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REVIEW: Gallant Match by Jennifer Blake

Dear Ms. Blake,

077832619501lzzzzzzzLast year I enjoyed another in your “Masters at Arms” series so when the arc arrived for “Gallant Match,” I made sure to make room for it on my reading schedule. Once again we’re back in second quarter 19th century New Orleans (May 1846 to be precise) but this time with an added bonus trip to Vera Cruz, Mexico.

Sonia Bonneval catches only a glimpse of the tall man who’s arrived to speak with her father but somehow she knows he’s trouble. He looks to be one of those uncouth Americans from the frontier – a Kaintuck. So she decides to stress the style of the women of New Orleans to wear face paint since she thinks it would disgust the boorish clod she imagines him to be. She’s got to get him to turn down the job her father is offering. That way she can avoid the planned marriage and flee to her grandmother in Mobile.

Kerr Wallace wouldn’t care if Sonia did back flips down the Passage de la Bourse in her shimmy. Through her he’s finally got a line on the man he’s been hunting for four years: the man responsible for the death of Kerr’s younger brother. Rouillard might have evaded justice this long but Kerr intends to see him dead. The idea that he’s delivering this young woman into the hands of a coward gives him slight pause but Kerr figures she’ll be a rich widow soon enough. What neither counts on is how some gun running and a declaration of war will interrupt their plans.

Readers looking for American set historicals generally have to hunt a long time. And what they usually find are Westerns. Now I love a good Western but if an author can deliver something else, I’m happier than a clam at high tide. With the “Masters at Arms” series, you deliver. We’ve got maitre d’armes heroes and – in the two books I’ve read – heroines who aren’t shy, shrinking violets.

Sonia remembers Rouillard from her childhood and nothing she remembers is good. Thus I’m more willing to watch her try and escape the fate her father has planned for her than if she were just in a snit over nothing. Why would her father be willing to hand her over? As Sonia’s Tante Lilly reminds her, men make the decisions and women have to try and work within them to the best of their ability. Maybe one day life for women will be different but arranged marriages, made for family and business purposes, are still the norm in Creole society.

Kerr has been hunting Rouillard ever since the end of the disastrous Mier Expedition. Delivering Rouillard’s bride to him in Vera Cruz will provide the chance Kerr’s been waiting for. None of Sonia’s slippery tricks will be allowed to work, even if Kerr finds himself admiring her spirit and inventiveness. I like that Kerr doesn’t stoop to taking out his revenge on Sonia. I’ve had enough of “heroes” using innocent women that way.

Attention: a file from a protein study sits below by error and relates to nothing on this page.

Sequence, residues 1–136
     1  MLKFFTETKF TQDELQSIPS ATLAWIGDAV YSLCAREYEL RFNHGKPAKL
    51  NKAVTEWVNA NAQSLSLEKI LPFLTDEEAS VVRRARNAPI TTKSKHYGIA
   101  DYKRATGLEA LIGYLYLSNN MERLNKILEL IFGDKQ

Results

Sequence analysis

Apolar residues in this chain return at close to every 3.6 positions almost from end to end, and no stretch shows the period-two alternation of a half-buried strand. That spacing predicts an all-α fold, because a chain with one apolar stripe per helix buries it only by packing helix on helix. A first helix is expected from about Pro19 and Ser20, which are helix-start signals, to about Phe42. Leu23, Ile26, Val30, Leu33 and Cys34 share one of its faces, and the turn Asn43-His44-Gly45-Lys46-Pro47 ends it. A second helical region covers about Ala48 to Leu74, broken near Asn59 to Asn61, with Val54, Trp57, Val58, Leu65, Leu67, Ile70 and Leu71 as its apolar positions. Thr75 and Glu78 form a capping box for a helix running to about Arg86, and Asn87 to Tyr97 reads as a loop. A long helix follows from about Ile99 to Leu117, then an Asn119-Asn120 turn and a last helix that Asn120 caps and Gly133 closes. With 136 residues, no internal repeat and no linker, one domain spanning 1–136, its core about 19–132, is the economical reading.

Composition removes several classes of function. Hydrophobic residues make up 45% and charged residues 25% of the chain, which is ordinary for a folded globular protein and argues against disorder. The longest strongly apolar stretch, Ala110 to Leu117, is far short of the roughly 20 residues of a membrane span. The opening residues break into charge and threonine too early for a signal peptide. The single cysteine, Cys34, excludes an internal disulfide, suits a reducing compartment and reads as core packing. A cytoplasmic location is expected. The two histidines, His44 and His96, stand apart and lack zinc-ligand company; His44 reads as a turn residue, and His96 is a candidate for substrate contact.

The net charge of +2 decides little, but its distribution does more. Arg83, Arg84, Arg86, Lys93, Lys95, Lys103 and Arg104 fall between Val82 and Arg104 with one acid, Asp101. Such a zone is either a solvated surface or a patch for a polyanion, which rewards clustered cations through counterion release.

The first half of the book delivers your characters to their departure for Mexico. And up to then as far as the plot is concerned, it’s a fairly standard historical. It’s when the steam packet journey down the Mississippi River and across the Gulf of Mexico begins that things really pick up. Though your descriptions, I could see the flora and fauna that slip by as the Lime Rock cruises down to the Gulf. The different passengers on board delineate the strata of society and our characters’ place in it. The horror of the attack by the Mexican gunboat shows that human nature, in the face of a sinking ship, hasn’t changed much.

The two day journey through the jungle Sonia and Kerr undertake after swimming ashore makes me thankful for modern insect repellent and that scorpions aren’t common in my part of the world. Though I would like a glimpse of a disdainful jaguar as he saunters through his domain. I’ve heard that Mexican hospitality is among the best in the world as Sonia and Kerr discover, even if Kerr has to dodge the admiring widow Dona Francesca. And if I could make the journey down to Vera Cruz in something more comfortable than a diligence, your descriptions of the beauty of the countryside make me want to try it.

Though I expected Sonia and Kerr to do the dirty before arriving at Rouillard’s home, at least you provide a raison d’être that fits with the story rather than the standard “I want one night of hot lurve to last me a lifetime!” that most heroines wail as their excuse while they rip off their corset covers.

Rouillard is the villain you’ve made him out to be through the entire book. No revelations here though he is deliciously evil and cowardly. One character did surprise me. I think you did a great job of concealing his true intentions. One thing did disappoint me and that is for a book about a master swordsman, there’s very little actual sword play. I guess Kerr couldn’t challenge the jaguar to a duel, especially as Kerr had lost his sword cane when the ship went down, but the fencing loving wench in me is always panting for “more, more, more!”

I see there’s at least one more book in this series, though I’ll have to wait until next February for it. [Pout] In the meantime, thanks for continuing to write close to home and offering alternatives to the standard fare. B-

~Jayne

This book can be purchased in mass market from Amazon or ebook format from the Sony Store and other etailers.

Another long time reader who read romance novels in her teens, then took a long break before started back again about 15 years ago. She enjoys historical romance/fiction best, likes contemporaries, action- adventure and mysteries, will read suspense if there's no TSTL characters and is currently reading very few paranormals.

13 Comments

  1. ErinV
    Feb 04, 2009 @ 10:25:52

    Hi Jayne! Delurking to comment on your review on one of my favorite authors. Have been a Jennifer Blake fan for ages and while this book wasn’t one of my favorites, the series as a whole has produced some keepers. You commented on how it hard it is to find American historicals. I thought you might be interested to know that Ms. Blake posted on her website recently that she was asked to change the locale of her new series to outside the US because American historicals don’t sell as well. While I have no doubt that she can write an entertaining story no matter where it is set, I have always enjoyed Ms. Blake’s descriptions of Old New Orleans and feel sad that even a major author can have to make these kind of changes based on what sells best.

  2. Jayne
    Feb 04, 2009 @ 13:38:24

    At least she’s being allowed to finish this series off. And the Tudor one she talks about starting on sounds interesting too.

  3. Evangeline